Friday, July 8, 2016

Education out of Poverty


World Youth Skills Day, on the 15th of July, is an opportunity to recognise the importance of education and training for communities around the world.  

Inaugurated by WorldSkills International and the United Nations, the focus of the program is on the world’s youth, especially those is developing nations. According to the UN, young people are three times more likely to be unemployed than adults and 125 million youths are working, but still live in extreme poverty.

The goal of providing educational and training facilities is to reduce unemployment and underemployment among youth, lifting many out of poverty and securing them personal growth and independence.


The Fair Trade WA Oxfam Shop supports a number of initiatives and enterprises that aim to inspire and support communities who have traditionally not had access to basic and ongoing education.

One example is the Helping Hands Project in Bolivia, which assists financially disadvantaged students in La Paz, providing them with the opportunity to receive an education and achieve independence. In 2016, through donations, volunteers and individual sponsorships, Helping Hands has been able to assist 90 students into attending high school and post-secondary education.


Come and see the wristbands handcrafted by the students in our Fair Trade Shop.

Friday, June 24, 2016

NAIDOC Week

From the 3rd to the 10th of July we celebrate NAIDOC week, a time to recognise the history, culture, achievements and the contribution made by Aboriginal and Torres Strait Islander’s to our country and society.


NAIDOC stands for National Aborigines and Islanders Day Observance Committee. Its origins can be traced to the emergence of Aboriginal groups in the 1920′s which sought to increase awareness in the wider community of the status and treatment of Indigenous Australians.

The 2016 NAIDOC theme is ‘Songlines’, to celebrate the living narrative of our nation and the oldest continuing culture on the planet. The Songlines are the journeys created during the Dreamtime that connect Aboriginal and Torres Strait Islander communities and are recorded in traditional songs, stories, dance and art.

We encourage all Australians to participate in the celebrations and activities that take place across the nation during NAIDOC Week. The Fair Trade WA Oxfam shop in Bayswater supports NAIDOC week and also stocks a range of products from Indigenous Australian enterprises.

Outback Pride continues the ‘Songlines’, connecting Aboriginal groups to utilise the knowledge and tradition of gathering bush food, producing herbs, spices, jams and syrups.


Better World Arts is a sustainable cross cultural project between Aboriginal artists and the Kashmir region of India. The handicrafts such as key rings, bookmarks and jewellery boxes empower both communities economically and culturally.




Tuesday, May 24, 2016

Saying Sorry to the Stolen Generations




The 26th of May is National Sorry Day, a time to reflect on the mistreatment of Aboriginal and Torres Strait Islander Australians throughout the country’s history.

The term “Stolen Generations” refers to Aboriginal and Torres Strait Islander Australians who were forcibly removed, as children, from their families by government, welfare or church authorities and placed into institutional care or with non-Indigenous foster families. The forced removal of Aboriginal and Torres Strait Islander children began as early as the mid-1800s and continued until the 1970s.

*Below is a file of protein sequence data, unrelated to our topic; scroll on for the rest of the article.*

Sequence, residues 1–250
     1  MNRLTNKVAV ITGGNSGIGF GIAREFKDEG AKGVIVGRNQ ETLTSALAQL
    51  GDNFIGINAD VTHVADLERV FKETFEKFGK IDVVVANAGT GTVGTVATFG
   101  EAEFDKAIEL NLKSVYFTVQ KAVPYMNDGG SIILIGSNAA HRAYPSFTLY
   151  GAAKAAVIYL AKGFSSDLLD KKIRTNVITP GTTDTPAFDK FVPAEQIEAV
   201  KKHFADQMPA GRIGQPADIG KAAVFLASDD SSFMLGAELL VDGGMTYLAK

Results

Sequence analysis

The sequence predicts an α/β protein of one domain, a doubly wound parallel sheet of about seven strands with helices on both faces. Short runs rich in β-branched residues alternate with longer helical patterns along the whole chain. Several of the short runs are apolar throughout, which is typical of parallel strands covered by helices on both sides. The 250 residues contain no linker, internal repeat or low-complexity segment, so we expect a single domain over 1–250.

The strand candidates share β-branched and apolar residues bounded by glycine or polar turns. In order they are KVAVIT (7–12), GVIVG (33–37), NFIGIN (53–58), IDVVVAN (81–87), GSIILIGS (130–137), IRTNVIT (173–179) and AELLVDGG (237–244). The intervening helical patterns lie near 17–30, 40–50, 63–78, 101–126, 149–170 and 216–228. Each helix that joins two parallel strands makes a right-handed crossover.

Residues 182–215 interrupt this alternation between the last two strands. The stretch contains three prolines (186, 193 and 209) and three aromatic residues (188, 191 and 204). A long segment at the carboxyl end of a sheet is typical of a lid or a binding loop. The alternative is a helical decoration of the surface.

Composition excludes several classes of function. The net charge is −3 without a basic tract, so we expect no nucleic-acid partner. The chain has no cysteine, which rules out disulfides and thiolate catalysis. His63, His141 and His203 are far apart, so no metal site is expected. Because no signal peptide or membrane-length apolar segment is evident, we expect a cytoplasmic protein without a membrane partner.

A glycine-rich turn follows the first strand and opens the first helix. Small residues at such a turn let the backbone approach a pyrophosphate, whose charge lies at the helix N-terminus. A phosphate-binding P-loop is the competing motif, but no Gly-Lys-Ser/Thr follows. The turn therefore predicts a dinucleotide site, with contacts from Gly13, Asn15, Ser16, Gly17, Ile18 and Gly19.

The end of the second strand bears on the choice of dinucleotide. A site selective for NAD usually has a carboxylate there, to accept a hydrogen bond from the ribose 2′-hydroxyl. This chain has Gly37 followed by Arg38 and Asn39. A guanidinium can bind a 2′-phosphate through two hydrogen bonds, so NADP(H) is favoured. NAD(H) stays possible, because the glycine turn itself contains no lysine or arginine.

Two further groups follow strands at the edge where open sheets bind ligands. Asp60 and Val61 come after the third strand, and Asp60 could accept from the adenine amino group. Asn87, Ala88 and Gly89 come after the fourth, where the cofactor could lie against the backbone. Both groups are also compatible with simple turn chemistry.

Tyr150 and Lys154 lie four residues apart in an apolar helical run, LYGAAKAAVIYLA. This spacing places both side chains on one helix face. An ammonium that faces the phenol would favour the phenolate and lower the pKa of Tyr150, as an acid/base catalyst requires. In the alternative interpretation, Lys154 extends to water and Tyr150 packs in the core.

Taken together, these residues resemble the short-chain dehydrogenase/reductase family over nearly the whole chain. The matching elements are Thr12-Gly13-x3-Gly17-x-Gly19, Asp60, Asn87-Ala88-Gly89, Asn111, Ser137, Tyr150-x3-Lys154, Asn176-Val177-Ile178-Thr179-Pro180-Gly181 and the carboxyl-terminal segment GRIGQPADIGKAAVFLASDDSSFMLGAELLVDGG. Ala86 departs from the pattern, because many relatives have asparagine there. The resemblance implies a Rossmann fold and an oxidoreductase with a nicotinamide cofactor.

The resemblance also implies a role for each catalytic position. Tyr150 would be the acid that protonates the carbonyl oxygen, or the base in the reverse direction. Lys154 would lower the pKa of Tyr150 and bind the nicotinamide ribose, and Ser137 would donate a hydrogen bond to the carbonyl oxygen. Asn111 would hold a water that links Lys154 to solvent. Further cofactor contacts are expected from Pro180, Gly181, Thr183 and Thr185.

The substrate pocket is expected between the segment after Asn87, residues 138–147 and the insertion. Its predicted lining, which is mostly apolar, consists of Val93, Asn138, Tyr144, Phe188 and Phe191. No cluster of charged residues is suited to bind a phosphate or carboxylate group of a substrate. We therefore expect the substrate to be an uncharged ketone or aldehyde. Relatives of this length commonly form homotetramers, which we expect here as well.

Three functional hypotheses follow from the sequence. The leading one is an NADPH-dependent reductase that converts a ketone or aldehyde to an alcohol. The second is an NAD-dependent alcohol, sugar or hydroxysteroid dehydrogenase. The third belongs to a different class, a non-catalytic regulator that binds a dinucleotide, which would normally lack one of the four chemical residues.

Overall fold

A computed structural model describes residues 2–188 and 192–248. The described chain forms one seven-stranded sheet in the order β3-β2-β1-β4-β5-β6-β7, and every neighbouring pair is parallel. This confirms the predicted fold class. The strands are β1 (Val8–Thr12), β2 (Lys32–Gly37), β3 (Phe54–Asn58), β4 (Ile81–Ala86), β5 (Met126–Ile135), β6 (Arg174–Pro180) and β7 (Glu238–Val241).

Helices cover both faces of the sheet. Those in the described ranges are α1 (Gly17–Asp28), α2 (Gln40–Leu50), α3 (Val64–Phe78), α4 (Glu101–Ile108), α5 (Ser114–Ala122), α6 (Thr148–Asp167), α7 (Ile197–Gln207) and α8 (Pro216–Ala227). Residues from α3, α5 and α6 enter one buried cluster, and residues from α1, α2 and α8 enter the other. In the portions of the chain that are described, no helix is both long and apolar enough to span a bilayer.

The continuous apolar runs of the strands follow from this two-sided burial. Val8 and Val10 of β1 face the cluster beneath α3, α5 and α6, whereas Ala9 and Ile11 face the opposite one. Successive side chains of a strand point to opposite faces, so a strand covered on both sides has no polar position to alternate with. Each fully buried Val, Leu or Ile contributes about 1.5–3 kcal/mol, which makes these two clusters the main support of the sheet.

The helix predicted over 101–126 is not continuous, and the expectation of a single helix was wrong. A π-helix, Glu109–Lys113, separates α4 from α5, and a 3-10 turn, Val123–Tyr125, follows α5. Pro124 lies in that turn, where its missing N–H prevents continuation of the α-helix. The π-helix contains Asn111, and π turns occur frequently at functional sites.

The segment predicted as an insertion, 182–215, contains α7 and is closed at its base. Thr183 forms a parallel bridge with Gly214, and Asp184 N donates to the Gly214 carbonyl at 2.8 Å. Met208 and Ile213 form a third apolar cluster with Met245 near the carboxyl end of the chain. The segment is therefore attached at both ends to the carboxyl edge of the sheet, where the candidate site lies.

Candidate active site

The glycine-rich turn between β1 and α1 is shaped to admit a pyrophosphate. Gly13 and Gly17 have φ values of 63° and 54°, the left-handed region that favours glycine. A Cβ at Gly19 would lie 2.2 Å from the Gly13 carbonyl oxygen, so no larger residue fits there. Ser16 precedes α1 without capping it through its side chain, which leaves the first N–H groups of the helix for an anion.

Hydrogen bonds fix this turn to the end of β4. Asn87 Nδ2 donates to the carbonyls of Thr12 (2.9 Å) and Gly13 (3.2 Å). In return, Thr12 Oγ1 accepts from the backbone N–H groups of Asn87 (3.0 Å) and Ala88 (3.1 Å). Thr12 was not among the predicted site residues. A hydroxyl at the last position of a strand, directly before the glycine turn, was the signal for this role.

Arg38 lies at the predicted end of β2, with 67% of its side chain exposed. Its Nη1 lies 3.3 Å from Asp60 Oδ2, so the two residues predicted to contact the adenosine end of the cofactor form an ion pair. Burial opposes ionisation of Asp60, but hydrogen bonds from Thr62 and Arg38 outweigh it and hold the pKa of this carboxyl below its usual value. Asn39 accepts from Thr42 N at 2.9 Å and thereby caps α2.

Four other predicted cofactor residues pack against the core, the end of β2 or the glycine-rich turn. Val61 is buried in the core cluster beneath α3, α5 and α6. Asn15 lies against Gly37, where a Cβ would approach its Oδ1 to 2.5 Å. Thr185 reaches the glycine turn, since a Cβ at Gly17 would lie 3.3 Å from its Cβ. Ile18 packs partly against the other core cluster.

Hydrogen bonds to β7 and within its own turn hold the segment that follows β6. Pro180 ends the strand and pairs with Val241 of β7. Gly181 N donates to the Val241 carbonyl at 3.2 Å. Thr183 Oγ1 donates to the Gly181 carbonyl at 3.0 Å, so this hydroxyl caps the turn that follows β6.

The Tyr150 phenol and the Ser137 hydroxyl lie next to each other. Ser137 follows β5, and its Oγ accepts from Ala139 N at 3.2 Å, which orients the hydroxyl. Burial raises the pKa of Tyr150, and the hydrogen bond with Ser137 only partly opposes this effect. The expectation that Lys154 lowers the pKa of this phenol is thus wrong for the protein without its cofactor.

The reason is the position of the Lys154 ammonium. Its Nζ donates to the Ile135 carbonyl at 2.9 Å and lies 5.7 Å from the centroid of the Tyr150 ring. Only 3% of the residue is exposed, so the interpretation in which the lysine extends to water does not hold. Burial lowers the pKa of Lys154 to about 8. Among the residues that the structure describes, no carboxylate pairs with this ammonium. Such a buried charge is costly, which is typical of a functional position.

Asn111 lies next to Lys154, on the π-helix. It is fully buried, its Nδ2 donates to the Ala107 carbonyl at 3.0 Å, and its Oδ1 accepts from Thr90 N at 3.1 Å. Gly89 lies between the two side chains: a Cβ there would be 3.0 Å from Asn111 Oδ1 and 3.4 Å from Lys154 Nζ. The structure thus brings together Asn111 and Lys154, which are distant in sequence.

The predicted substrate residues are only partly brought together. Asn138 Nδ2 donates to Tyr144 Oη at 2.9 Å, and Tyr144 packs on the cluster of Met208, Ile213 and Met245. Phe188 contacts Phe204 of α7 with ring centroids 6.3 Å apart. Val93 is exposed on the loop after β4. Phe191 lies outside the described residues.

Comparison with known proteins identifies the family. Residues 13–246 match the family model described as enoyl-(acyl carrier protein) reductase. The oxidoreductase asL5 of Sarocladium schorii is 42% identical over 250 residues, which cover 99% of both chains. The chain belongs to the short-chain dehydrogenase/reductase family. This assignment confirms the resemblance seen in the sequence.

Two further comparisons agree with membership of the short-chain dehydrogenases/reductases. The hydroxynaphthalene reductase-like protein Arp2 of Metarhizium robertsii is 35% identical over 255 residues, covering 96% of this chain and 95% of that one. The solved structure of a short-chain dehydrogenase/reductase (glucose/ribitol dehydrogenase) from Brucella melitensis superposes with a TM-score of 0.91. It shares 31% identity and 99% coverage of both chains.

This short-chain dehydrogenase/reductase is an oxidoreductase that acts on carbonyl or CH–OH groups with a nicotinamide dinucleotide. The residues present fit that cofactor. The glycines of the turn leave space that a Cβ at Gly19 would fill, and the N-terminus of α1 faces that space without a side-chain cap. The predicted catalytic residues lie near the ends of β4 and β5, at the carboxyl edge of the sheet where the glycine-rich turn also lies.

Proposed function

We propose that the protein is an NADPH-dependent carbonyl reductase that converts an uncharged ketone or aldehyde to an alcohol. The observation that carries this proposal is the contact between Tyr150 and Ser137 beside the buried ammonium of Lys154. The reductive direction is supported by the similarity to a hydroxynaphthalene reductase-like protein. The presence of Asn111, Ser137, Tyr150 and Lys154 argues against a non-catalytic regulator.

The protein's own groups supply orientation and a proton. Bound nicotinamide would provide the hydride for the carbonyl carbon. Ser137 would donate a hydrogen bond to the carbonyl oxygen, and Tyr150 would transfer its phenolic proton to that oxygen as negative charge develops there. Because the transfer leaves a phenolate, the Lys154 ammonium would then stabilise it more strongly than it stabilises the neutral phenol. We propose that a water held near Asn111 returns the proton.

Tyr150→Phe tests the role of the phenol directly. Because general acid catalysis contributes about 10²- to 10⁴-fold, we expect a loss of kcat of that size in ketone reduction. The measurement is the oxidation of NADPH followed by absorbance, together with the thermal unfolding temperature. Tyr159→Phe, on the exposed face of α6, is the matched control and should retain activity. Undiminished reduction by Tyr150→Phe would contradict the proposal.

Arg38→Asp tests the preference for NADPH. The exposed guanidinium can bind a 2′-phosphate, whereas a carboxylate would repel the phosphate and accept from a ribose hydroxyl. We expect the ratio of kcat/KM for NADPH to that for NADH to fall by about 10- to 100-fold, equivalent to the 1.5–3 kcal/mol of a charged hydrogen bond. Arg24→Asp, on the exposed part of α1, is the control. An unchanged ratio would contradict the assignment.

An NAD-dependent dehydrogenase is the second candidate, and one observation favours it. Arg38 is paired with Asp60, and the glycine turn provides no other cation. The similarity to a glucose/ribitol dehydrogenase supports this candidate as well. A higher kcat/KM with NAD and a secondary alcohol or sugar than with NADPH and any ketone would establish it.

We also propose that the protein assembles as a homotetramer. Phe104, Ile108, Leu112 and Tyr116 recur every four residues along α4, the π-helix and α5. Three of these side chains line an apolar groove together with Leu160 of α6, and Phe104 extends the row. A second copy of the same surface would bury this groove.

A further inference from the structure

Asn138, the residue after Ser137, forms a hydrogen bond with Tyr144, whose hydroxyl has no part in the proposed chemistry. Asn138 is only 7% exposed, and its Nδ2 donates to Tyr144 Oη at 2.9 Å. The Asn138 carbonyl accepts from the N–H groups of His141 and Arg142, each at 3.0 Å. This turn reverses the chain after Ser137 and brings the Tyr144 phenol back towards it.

The first Sorry Day was held on 26 May 1998—exactly one year after the Bringing Them Home Report was presented to the Parliament. The Bringing Them Home Report was the result of an inquiry into the removal of Aboriginal and Torres Strait Islander children from their families, and recommended both an apology to Aboriginal and Torres Strait Islander people and reparations.

In the Fair Trade WA Oxfam Group Shop, we support a number of enterprises that aim to close the gap between Indigenous and non-Indigenous Australians.

 
Come into the shop to see our range of sauces, jams and seasonings by Outback Pride, or the handmade Murrorong Aboriginal Jewellery.


 

Wednesday, April 20, 2016

International Mother Earth Day

International Mother Earth Day is celebrated to remind each of us that the Earth and its ecosystems provide us with life and sustenance.
It also recognizes a collective responsibility as called for in the 1992 Rio Declaration, to promote with nature and Earth to achieve a just balance among the economic, social and environmental needs of present and future generations of humanity.



International Mother Earth Day provides an opportunity to raise public awareness around the world to the challenges regarding the well-being of the planet and all the life it supports.
For many, climate change seems like a remote problem, but the reality is that it’s already affecting people, animals and places around the world. A change needs to be made. On April 22 we are harnessing the power of Earth Day to show our communities and our leadership that we want action on climate. It’s our turn to lead.




One way of making a change is through supporting enterprises which recycle everyday products, advocating for the sustainable use of Earth’s resources. Mai Vietnamese Handicrafts collects waste materials and works to incorporate the recycled goods into their products.  The recycled paper bowls and placemats from Mai’s product range are perfect examples of some of the eye-catching and practical artisan’s products, which you can come and see in the Fair Trade WA Oxfam Shop in Bayswater.